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Gold Futures Decline
World Economy

Gold Futures Decline

Gold futures declined on Tuesday, as sentiment was boosted amid a global stock market rally, despite grim trade data from China that caused further volatility in Asian markets.
Gold for December delivery on the Comex division of the New York Mercantile Exchange shed $2.40, or 0.21%, to trade at $1,119.00 a troy ounce during European morning hours. US markets were closed on Monday for the Labor Day holiday, Investing.com reported.
Data released earlier showed that China’s trade surplus widened to $60.2 billion last month from $43.0 billion in July, compared to estimates for a surplus of $48.2 billion.
Chinese exports slumped 5.5% from a year earlier, compared to forecasts for a decline of 6.0%, while imports plunged 13.8%, far worse than expectations for a drop of 8.2%.
Despite the weak data, the Shanghai Composite rallied more than 4.5% in the last hour of trade to erase the session’s losses and end up 3%. The upbeat sentiment carried over to European markets, where Germany’s DAX, France’sCAC 40 and London’s FTSE 100 were all up almost 2%.
In the US, Wall Street pointed to strong gains at the open, with the Dow futures up 250 points.
Gold prices also struggled amid ongoing uncertainty about whether the Federal Reserve will increase interest rates later this month when it meets on September 16-17.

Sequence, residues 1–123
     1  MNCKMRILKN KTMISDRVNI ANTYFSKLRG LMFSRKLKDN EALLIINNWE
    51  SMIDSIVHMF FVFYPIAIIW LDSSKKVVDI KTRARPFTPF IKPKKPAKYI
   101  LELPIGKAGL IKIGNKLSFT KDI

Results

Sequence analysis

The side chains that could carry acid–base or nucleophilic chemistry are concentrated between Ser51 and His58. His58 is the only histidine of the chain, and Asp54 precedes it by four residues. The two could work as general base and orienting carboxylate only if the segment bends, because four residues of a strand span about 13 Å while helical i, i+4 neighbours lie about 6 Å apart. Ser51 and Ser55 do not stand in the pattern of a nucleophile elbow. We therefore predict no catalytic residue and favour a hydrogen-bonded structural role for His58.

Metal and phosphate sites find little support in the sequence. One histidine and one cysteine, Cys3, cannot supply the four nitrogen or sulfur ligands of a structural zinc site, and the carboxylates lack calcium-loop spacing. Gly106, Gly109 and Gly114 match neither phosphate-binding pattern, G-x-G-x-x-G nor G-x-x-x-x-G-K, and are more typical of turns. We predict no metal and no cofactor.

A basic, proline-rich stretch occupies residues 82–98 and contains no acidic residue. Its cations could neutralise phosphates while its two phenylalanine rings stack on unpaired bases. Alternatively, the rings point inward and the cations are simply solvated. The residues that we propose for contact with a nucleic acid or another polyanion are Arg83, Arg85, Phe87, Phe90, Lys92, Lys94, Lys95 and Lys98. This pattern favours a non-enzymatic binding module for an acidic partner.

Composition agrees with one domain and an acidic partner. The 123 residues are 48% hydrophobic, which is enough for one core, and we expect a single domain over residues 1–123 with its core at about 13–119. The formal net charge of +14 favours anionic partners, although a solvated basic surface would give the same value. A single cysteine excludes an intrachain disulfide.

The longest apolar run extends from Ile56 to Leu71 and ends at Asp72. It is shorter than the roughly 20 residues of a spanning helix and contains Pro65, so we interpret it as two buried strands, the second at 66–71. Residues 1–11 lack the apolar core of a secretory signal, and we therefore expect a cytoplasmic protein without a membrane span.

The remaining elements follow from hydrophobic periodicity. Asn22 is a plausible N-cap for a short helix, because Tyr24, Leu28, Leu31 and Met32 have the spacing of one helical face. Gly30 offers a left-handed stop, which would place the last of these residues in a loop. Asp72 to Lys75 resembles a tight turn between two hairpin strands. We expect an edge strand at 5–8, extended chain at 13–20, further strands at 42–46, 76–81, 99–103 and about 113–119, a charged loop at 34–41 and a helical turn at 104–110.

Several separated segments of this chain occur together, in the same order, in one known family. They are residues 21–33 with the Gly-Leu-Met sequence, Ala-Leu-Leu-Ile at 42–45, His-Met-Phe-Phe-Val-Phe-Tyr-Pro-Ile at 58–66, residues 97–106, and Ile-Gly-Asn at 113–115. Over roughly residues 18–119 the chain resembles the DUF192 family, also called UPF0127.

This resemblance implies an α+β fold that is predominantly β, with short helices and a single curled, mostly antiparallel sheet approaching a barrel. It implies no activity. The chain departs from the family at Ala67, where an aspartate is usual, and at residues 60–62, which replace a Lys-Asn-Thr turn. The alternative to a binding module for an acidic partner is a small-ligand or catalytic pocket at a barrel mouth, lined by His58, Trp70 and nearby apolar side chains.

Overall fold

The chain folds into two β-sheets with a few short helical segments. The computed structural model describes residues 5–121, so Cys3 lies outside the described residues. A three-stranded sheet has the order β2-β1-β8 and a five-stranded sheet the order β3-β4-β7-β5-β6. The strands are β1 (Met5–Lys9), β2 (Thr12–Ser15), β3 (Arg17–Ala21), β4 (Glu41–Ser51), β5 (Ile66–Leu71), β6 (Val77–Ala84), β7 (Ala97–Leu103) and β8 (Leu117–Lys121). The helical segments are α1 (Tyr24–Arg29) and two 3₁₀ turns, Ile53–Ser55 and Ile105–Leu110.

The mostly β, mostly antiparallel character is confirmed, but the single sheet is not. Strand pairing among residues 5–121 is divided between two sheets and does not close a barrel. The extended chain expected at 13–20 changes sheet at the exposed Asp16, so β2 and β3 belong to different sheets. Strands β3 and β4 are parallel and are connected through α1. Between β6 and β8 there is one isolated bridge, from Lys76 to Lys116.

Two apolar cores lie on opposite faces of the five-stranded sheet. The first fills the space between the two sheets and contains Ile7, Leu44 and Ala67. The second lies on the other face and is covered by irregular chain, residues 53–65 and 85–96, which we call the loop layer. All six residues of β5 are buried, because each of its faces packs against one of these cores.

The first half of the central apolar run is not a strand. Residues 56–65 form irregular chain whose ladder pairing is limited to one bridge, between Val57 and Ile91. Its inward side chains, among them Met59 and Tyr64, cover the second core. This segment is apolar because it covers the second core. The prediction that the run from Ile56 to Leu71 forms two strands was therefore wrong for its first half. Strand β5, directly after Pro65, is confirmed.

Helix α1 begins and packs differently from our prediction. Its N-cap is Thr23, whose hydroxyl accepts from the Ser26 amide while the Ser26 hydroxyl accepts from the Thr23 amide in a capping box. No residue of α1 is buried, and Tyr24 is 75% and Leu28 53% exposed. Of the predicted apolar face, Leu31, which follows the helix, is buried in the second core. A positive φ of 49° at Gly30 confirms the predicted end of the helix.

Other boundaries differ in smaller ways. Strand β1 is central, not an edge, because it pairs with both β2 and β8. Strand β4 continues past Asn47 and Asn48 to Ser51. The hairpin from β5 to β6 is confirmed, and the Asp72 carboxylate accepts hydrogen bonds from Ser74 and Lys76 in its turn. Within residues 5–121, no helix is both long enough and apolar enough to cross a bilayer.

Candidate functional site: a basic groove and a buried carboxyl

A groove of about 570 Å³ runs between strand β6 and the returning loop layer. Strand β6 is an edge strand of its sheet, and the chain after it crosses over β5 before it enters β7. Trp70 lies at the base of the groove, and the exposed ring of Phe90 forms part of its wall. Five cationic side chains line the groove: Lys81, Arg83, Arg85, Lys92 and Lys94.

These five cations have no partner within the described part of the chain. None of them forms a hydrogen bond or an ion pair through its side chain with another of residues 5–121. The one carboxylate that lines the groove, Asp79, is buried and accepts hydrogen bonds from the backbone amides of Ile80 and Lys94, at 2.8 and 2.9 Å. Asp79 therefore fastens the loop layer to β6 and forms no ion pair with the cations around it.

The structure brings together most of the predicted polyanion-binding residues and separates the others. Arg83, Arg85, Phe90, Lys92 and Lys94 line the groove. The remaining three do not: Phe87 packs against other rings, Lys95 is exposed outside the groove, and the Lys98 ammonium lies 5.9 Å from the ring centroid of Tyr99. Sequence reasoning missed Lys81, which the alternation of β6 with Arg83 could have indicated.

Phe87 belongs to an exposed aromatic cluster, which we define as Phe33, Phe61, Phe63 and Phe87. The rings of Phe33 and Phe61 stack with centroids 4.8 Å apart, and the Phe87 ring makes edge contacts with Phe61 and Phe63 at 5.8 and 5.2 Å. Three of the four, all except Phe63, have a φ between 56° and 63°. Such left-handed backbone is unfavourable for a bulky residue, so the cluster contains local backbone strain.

Friday’s US jobs report failed to provide much clarity on when the US central bank will decide to raise short term interest rates. The timing of a Fed rate hike has been a constant source of debate in the markets in recent months.Gold fell to a five-and-a-half year low of $1,072.30 on July 24 amid speculation the Fed will raise interest rates in September for the first time since 2006.
Expectations of higher borrowing rates going forward is considered bearish for gold, as the precious metal struggles to compete with yield-bearing assets when rates are on the rise.
Elsewhere in metals trading, copper for December delivery on the Comex division of the New York Mercantile Exchange rallied 6.6 cents, or 2.87%, to trade at $2.378 a pound.
Copper’s gains came as a sharp rebound in Chinese equity markets helped soothe investors’ tattered nerves.
China’s copper arrivals in August totaled 350,000 metric tons, little changed from a month earlier, indicating that demand for the red metal held up last month despite recent market turmoil.
The Asian nation is the world’s largest copper consumer, accounting for almost 40% of world consumption last year.

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